I have lived in New Orleans for 32 years now and as long as I can remember, everyone – and I mean everyone – has said the same thing over and over again: Fix these streets! Somebody please, fix these @&$% streets!
Well, isn’t there some sort of Chinese proverb that addresses the situation we face today? In other words, while we’ve been screaming “Fix the streets!” for 30 years, I think I speak for many when I suggest: Not all of them at once!
I mean, seriously. Have you driven anywhere in the city lately? New Orleans has become the best advertisement for self-driving cars that could ever exist.
Because driving isn’t what we do anymore. We pause. We wait. And we figure out how to get where it is we were going in the first place.
That is, if we can remember where it was we were headed to in the first place.
Uptown in particular has become some bizarre sort of automotive Escher print where the more you drive, the shorter the distance you actually go.
Every main artery is either shut down or rearranged, or some way or another rendered completely impassable.
I guess this is what politicians mean when they talk about building a better future for our children. Because certainly none of us are going to live to see the benefits of whatever the hell it is they’re doing on Nashville and Jefferson and Napoleon and Rampart and St. Claude and God knows wherever the next sinkhole occurs.
I thought that was something that only happens to poorly planned gated communities near the Florida Everglades. Since when did New Orleans start crashing into the earth?
For that matter, who knew there was any earth under New Orleans; haven’t we been told all this time that if you dig down three feet all you have is water? And yet now, the most ubiquitous site in the city is an orange cone.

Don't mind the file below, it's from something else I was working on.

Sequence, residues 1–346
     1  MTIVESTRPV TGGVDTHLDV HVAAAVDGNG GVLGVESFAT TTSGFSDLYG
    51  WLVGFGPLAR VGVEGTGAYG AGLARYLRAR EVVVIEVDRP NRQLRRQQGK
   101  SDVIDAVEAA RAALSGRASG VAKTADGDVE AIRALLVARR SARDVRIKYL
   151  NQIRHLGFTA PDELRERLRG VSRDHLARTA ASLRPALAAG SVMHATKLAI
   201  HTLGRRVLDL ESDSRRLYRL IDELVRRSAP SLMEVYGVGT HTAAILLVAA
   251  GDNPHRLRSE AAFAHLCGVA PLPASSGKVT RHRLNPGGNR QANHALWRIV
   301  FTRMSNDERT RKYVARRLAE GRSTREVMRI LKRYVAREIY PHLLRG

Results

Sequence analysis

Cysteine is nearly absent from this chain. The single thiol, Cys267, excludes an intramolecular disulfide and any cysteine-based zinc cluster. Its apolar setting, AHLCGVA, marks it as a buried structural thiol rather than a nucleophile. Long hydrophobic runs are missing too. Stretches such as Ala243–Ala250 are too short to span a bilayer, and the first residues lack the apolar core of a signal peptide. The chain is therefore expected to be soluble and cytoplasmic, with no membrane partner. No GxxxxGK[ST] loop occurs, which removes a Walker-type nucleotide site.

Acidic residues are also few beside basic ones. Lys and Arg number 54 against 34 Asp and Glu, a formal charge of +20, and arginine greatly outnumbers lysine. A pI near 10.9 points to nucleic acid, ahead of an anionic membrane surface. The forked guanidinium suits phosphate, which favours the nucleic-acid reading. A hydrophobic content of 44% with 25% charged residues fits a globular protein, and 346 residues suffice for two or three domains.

You know that color I’m talking about: International safety orange, I believe is its official name. And if it’s not, it should be. Which is weird, because wherever you see that color, you can be pretty sure something unsafe is around.
Look, don’t get me wrong, I’m as happy as anyone to see progress being made in our city. New streets, new sidewalks, new streetcar lines, new drainage, etc. But seriously – all at one time?
Meanwhile, our children grow up to think this is what a city looks like. Cranes and ditches and muddy puddles. And orange cones. Orange cones, everywhere.
Everywhere you’re trying to get is blocked off. And if you should happen to get where you’re going, you soon discover that you can’t get out.
Whose idea was it to dig up every single major road in the city of New Orleans all at one time for a massive construction overhaul?
Did we vote on this? I can’t remember. We vote so often around here that I generally cannot remember what the most recent election was about and what it was I voted.
If there was a button that said “fix our streets” then I’m guessing I must plead guilty. I am sure I would’ve voted for that. I mean, it seemed like a good idea at the time, right?
Did you ever in your life believe that you would wish that the city’s streets would return to the way they were in 1990? I mean, let’s put it this way: at least we had streets in ’90. They may have been covered in pockmarked pothole-ridden sinkholes, but at least they were streets.
Where did our streets go? And how do we get them back?
I am pleasantly surprised by the lack of reported road rage incidents over the past year or two. The condition of our infrastructure is a blueprint for insanity and violence. But it just goes to show – much as we did after Hurricane Katrina – that when the going gets tough, the tough get going.
Going where? I am not so sure. There doesn’t seem to be any way out of here right now.
The streets with names but no streets are filled with cones directing you to the next detour, which lead you to the next construction site that point you in the direction of some other orange cones.
New Orleans used to be the city of no left turns. Now it’s simply the city of no turns. Or more precisely applied: Two wrongs don’t make a right, but three left turns do.
Learn that. Live by it. It may be the only way out of where you’re stuck right now.